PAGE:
Two pitches, two very different perspectives, but both focusing on a similar theme — a Joe Biden presidency would be dangerous to Americans’ rights. Rush Limbaugh’s home-stretch argument won’t surprise anyone, but his focus here on Biden’s negatives rather than Donald Trump’s positives is notable. We’re no longer in a “same objectives … different philosophies” paradigm, Limbaugh warns, and it’s time to vote accordingly (via The Blaze):

“Hey, folks, sitting here in the library getting ready to watch the confirmation vote — Amy Coney Barrett, Supreme Court — and it just reminds me: Folks, we don’t have a choice in this election. It’s got to be Donald Trump.

“We’re not going to have the kind of country everybody thinks we’re going to have. This is not the old ‘Republicans versus Democrats,’ where we all have the same objectives, just different philosophies on how to get there. They do not have those objectives any more. Their purpose is to erase the Constitution, start over rewriting it, eliminating the concept of ‘The citizen has rights which prevail over government.’

“It’s serious, and it’s scary, and we don’t have a choice. You have to get out there and vote Trump.”

I agree with Rush on all of the above, and so would most Hot Air readers, I’d guess. Surprisingly, Reason’s Nick Gillespie largely agrees on everything except the part about having no choice. Yesterday, Nick wrote that his libertarian (and Libertarian) readers have “11 trillion reasons to fear Joe Biden’s presidency,” and not just on the usual fiscal-insanity grounds:

Not only is the former vice president likely to win, but FiveThirtyEight predicts Democrats have a 74-in-100 chance of taking the Senate while holding the House of Representatives, meaning that he will have a great opportunity to deliver on all of his campaign promises, which add up to a mind-blowing total of $11 trillion in new federal spending over the coming decade. His “platform is more liberal than that of every past Democratic nominee,” writes The Washington Post.

That’s bad news not just for the economy but for a wide range of libertarian concerns about things such as individual autonomy, free speech, school choice, and gun rights. In last week’s debate with Trump, Biden warned that we are entering a “dark winter.” He was talking about rising COVID-19 cases, but his own platform is likely to keep us at home, out of work, and in a bad place for a long time to come. …

Perhaps even scarier than Biden’s explicit plans to tax, spend, and regulate what already exists are the seemingly infinite promises he has made to push new government controls onto virtually all aspects of our lives. He wants to repeal Section 230, the law that protects online platforms from legal liability for speech generated by users, and wants to “take a really hard look” at breaking up tech companies, especially Facebook. He’s called for an end to federal funding for charter schools and the reinstatement of ineffective assault-weapons bans and countless other gun-control measures.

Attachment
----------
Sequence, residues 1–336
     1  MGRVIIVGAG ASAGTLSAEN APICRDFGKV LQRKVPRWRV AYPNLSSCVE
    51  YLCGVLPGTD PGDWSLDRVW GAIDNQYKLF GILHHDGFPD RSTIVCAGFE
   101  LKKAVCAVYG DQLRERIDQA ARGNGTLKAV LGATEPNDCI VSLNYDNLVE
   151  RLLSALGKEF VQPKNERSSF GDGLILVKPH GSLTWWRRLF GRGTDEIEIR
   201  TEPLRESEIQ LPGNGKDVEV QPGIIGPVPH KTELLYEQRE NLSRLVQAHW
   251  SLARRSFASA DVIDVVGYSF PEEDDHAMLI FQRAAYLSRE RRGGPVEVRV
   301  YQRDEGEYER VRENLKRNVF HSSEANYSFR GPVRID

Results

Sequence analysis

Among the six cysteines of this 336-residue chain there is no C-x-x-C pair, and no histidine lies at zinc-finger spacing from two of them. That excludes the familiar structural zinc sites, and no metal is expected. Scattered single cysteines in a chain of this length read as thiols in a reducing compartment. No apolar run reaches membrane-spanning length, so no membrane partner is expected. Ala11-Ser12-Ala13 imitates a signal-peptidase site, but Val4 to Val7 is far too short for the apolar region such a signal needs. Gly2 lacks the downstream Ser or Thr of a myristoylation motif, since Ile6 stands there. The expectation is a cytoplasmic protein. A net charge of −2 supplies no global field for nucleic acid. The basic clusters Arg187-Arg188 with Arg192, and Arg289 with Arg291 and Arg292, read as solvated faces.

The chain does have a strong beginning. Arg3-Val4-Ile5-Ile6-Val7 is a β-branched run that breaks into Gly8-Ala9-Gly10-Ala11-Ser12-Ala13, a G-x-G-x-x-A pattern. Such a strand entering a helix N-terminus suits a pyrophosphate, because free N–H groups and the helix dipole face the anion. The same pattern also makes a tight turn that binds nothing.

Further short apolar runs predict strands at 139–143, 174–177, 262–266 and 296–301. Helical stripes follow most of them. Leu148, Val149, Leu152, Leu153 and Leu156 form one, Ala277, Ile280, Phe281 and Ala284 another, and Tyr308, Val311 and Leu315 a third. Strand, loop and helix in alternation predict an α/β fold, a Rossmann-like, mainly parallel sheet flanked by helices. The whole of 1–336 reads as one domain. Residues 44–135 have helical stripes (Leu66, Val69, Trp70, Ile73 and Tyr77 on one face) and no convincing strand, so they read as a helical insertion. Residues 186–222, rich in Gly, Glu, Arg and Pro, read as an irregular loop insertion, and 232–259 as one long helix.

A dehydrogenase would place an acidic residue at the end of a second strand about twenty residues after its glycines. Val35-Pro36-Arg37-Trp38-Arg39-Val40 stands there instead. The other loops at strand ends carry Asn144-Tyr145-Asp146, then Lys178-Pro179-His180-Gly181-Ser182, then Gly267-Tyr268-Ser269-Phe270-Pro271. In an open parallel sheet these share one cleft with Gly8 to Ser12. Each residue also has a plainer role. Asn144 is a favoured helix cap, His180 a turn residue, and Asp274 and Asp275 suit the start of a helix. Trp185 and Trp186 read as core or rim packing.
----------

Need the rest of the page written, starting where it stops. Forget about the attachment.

Pick any page of his campaign website’s extensive “vision” section and you’ll find endless proposals to tinker with everyday life and employment. He pledges to “aggressively pursue employers who violate labor laws, participate in wage theft, or cheat on their taxes by intentionally misclassifying employees as independent contractors” and also to “establish an Environmental and Climate Justice Division within the U.S. Department of Justice.” What sort of bureaucracy do those sorts of things require? The same sorts of questions are raised by his on-again, off-again endorsement of a federal mask mandate. On many, perhaps most, issues, Joe Biden’s America will be one in which political and economic power is unified under Washington’s control.

Where Nick disagrees — and passionately so — is that voters do have another choice besides Trump. The Libertarian Party has nominated Jo Jorgensen, who will appear on the ballot in all 50 states this year. The question, as always, is whether this is a rational choice or a vote throwaway. However, don’t lose sight of the fact that Nick is not endorsing Trump, but that he does point out just how dangerous a Joe Biden administration would be to individual liberty and subsidiarity in government. Nick and Rush agree on that much, even if they likely don’t agree on the solution.